It really begins here. Georgia. Red dirt. Black faces. An old black man wiping his brow with a blue and white kerchief. Still, I began my journey south from the mountains of upstate New York three days ago through cold, pelting rain. The motel stops offered barely enough comfort and warmth from the chill and dreariness that settled into my bones. Watching the monotonous back-and-forth motion of my Honda’s windshield wipers struggling to keep up with torrents of rain, strained my eyes. Wearily, they worked overtime to maintain focus through the foggy gray and brown landscape of I-95 in March.
I am in the initial phase of a creative project that merges my photographic images with my writing … a marriage of two passions. During this fortuitous journey, I have been commissioned to photograph an island off of Florida’s southwest coast.
When I reached Georgia today, though still cold with frosty mornings, I welcomed the bright sun streaming through partially leafed-out trees. I didn’t know at first what it was about this peanut farmer’s roadside stand, but the instinct to stop was strong. So I did.
When I stepped out of my car and walked to the stand, my mind spiraled to a place and time that I would have believed to be well forgotten. Yet, the stand and the peanut farmer tending it brought the memory forward into clarity.
I was only sixteen years old yet singing and dancing as a featured performer in some rather elegant nightclubs-of-the-day during my summers off from school. I had “bookings”, though today they are called gigs, in Miami and Clearwater Beach. I had never seen Florida, neither had my mother, so we drove our old cream-colored Pontiac as we always did to every place I performed. However, this was our first time going south on the East coast.
I do not recall a super highway of any kind but I do remember the first dazzling site of the Blue Ridge Mountains and the luscious state of Virginia. The memory that was shaken loose from my past by the sight of the peanut farmer’s stand was from an experience in Georgia on a hundred-degree day in the shade. Whatever the road was that we were on, it was long and only two lanes. I saw shack after shack with barefooted black people … fifty years ago they were called Negroes … and their tired, worn faces watching the cars go by as they sat on broken steps of narrow, wooden porches. I remember the earth being red with clay. I had never seen red dirt. It fascinated me. And, the faces looking at us haunted me.
My mother and I almost ran out of gas at one point so we pulled into the only station we saw in a section of a nameless small town where black people lived. We were from the north and since one of my dance teachers was black, we did not hesitate stopping there. However, this was the mid-1950s. When we got out of our very hot car, for there was no air conditioning in cars then that I remember, we saw a small group of black men, a few dogs and cats, some chickens, and small children running about. There were no women. The men and children stopped what they were doing and stared at us. The station had one gas pump and everything sat on red dirt. Nothing was paved. An old black man with thick white hair stepped out from the group of three or four men and with his gnarled hands wiped his brow with a large, square blue and white kerchief. He looked at my mother and said, “How y’al doin’ ma’am? Would ya and the miss have some pop?” We then looked at where he was pointing and there sat a three-foot high red and white Coca-Cola chest that held glass bottles stacked randomly in hand-chopped ice. With a gentlemanly gesture of his left hand still holding the kerchief, he indicated that we should each take a bottle and we did. The bottle cap opener was the type firmly mounted to the chest so that you placed the bottle cap under it to pop it off. Previously popped bottle caps were already clustered beneath the opener so we left ours there too. The old man then motioned with his head for us to sit on a weathered bench under a massive tree throwing lots of shade while he filled our gas tank. When my mother paid him for the gas, she asked, “How much for the Coca-Colas?” He replied, “Nothin’ ma’am ’cause it’s too hot today to charge y’al for a cool drink.”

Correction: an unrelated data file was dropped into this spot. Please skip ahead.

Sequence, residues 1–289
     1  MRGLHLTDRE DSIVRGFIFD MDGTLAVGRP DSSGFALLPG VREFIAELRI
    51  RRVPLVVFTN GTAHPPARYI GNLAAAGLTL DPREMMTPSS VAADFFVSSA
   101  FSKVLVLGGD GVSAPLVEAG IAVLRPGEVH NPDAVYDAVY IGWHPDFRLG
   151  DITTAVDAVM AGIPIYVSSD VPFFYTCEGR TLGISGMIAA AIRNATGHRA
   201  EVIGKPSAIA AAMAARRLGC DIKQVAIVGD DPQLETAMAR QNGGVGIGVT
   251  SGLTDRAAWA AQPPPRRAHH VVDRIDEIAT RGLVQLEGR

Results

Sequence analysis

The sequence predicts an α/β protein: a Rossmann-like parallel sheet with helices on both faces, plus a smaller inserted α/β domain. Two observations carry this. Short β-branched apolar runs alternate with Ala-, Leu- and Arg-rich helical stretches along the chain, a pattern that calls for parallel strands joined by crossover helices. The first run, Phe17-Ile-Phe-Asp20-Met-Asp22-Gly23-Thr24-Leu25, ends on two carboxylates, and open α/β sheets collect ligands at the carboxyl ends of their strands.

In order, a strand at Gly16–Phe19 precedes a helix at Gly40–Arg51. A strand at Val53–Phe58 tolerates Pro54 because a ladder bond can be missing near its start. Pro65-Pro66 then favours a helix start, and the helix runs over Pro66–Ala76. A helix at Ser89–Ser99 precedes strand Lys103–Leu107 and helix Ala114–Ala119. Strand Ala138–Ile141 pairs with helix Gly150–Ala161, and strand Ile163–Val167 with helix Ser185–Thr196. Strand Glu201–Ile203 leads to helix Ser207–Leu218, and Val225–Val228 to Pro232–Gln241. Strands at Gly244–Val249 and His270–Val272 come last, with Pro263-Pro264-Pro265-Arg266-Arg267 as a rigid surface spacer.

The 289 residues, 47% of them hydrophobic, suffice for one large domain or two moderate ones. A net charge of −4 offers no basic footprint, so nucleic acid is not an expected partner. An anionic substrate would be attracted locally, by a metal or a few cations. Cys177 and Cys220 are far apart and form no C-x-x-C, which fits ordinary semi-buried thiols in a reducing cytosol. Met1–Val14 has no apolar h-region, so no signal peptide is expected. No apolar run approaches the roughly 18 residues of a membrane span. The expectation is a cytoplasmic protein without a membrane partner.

I didn’t see shacks today on I-95 or red clay earth. But earlier this morning, during a rest stop break, I walked into a funky restaurant-antique-gift shop. Sitting next to one of its counters was an old red and white Coca-Cola ice chest filled with perfectly shaped ice cubes and packed with aluminum cans of root beer, sweet-tea, but no vintage Coca-Cola bottles. The manager of this seemingly successful enterprise was a tall, beautiful African-American woman. I smiled at the fact that some progress is actually made however slow it may be.
I stood alone at the peanut farmer’s stand holding my camera in my right hand. He said nothing while I was lost in this memory. Finally, I asked, “May I take some pictures of your stand?” Not unlike the old black man, he nodded and went about his business while I took shots of the stand at varying angles. Out of an unspoken reciprocity, I purchased a small bag of fresh, fleshy pecans. And, with some trepidation even after a brief, but informative, discussion on how boiled peanuts are made (with lots of salt, sometimes spices, cooked with their shells on in a cauldron of boiling water), I also bought a cup of salty boiled peanuts. Once you’ve gently cracked the softened shell with your teeth, the nut has the consistency of a cooked bean. Actually they are quite tasty.
Yet, as I drove away munching the pecans and tentatively eating a boiled peanut or two, I could not shake the memory of the old black man’s nobility and kindness in treating my mother and me to two cold drinks on a very hot day fifty years ago in Georgia.
Tomorrow, I arrive on The Island.